(http://www.sfwmd.gov/portal/page/portal/sfwmdmain/home%20page)

The way I see it, and after talking to Mr Kivett myself, he has given us a map “of flight.” A map for us to learn and understand how to overcome our present limitations. I am grateful to him for the map, and I will use it not to keep things the same, but to promote change. 

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Today I am going to share a document written by my friend Dr Gary Goforth. Dr Goforth (http://garygoforth.netand I took Mr Kivett’s document and wrote about each “constraint” in such a way as to understand how to overcome it.

Please read, learn and speak out about it —- thank you for working to be part the solution and inspiration to “overcome,” the failures of the present South Florida system so that in the future it does not only provide flood control, but also provides even more clean, fresh water to the Everglades, and to South Florida, and  no longer kills two of the most productive and economically important estuaries in North America, the St Lucie/Southern Indian River Lagoon and the Caloosahatchee.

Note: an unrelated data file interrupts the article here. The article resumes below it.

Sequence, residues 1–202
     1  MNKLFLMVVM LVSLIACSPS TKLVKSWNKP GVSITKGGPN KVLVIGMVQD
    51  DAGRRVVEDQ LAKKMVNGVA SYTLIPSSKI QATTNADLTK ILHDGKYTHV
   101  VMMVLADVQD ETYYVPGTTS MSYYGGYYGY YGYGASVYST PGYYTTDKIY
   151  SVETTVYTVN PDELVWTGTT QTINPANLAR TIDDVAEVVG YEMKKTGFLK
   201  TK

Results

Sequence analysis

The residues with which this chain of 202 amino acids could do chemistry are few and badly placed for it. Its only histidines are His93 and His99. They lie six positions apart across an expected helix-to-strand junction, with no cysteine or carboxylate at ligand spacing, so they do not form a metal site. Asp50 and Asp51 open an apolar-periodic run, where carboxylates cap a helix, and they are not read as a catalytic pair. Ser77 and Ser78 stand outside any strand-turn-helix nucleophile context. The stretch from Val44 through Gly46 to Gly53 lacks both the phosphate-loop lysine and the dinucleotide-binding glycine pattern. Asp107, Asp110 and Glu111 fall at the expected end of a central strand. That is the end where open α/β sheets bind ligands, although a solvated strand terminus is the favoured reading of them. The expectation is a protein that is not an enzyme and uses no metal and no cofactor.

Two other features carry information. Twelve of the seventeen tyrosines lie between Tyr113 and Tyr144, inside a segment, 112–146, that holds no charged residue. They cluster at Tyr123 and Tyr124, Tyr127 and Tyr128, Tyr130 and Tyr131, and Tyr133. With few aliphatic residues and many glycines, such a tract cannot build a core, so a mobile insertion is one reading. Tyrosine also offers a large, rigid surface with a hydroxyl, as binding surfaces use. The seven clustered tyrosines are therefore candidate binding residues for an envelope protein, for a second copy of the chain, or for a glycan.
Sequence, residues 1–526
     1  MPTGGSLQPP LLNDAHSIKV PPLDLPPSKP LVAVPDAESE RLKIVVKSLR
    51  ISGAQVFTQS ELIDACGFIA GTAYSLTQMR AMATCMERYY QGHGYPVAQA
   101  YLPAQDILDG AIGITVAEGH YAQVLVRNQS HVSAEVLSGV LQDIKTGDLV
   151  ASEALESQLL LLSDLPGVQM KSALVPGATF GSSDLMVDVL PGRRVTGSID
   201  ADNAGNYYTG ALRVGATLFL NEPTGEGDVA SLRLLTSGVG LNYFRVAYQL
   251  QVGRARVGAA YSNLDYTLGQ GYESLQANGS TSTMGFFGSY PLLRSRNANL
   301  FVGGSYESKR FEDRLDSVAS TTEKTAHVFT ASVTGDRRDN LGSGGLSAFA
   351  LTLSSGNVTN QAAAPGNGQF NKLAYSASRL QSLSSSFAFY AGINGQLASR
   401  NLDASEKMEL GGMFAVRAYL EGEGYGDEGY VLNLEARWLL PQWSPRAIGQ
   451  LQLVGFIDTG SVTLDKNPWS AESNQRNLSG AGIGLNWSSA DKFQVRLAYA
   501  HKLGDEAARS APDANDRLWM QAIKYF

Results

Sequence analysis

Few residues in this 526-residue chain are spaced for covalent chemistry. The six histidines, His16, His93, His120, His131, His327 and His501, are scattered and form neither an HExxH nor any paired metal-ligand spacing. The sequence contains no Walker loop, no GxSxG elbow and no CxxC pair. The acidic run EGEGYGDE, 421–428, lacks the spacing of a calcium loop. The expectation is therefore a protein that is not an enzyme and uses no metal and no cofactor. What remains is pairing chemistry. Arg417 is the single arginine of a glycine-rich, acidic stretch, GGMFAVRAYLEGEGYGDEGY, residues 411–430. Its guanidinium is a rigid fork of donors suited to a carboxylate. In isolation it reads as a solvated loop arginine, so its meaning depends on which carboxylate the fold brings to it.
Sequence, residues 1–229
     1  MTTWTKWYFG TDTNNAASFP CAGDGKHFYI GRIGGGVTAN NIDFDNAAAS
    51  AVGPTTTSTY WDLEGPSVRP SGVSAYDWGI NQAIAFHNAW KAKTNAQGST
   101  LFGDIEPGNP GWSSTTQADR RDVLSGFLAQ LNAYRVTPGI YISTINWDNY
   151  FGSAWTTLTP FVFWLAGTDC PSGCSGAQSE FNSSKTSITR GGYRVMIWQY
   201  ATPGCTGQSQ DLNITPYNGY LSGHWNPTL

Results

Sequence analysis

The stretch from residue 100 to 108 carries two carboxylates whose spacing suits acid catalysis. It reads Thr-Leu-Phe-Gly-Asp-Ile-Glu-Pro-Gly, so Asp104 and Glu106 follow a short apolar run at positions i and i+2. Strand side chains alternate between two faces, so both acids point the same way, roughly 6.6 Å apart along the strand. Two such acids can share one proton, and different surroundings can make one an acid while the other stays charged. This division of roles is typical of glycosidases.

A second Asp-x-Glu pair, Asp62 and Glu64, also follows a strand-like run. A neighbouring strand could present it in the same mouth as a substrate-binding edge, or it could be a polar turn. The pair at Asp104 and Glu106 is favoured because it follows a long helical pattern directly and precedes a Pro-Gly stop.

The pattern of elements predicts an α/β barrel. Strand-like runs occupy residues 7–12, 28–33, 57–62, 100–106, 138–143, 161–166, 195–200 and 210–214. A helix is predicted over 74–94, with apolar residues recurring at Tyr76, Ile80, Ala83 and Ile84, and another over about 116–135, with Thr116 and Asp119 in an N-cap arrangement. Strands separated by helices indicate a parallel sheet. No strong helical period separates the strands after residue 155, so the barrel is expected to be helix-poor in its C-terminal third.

St Lucie Inlet area near Sailfish Point, 2013, JTL)
St Lucie Inlet area near Sailfish Point, once the most bio-diverse fishing and breeding grounds in North America- Grant Gilmore. (Photo 2013, JTL)
Photo of plume from Lake O and area canals in 2013, Jupiter Island. Our present pulling system constraints unless changed will promote this indefinitely. (JTL)
Photo of plume exiting SLR/IRL at St Lucie Inlet–dark water is mostly from Lake O  and is flowing over protected near shore reefs towards Jupiter Island, affecting some of  the most expensive real estate in the country. S. Florida’s present pluming system “constraints,” unless changed,  will promote this destruction indefinitely. (JTL)
The waters of the St Lucie fill with algae, sometimes toxic, during heavy release from Lake O. (Photo Jenny Flaugh 2013.)
The waters of the St Lucie fill with algae, sometimes toxic, during heavy release from Lake O. (Photo Jenny Flaugh 2013.)
Toxic algae, photo by Mary Radabaugh of St Lucie Marina.)
Toxic algae, photo by Mary Radabaugh of St Lucie Marina.)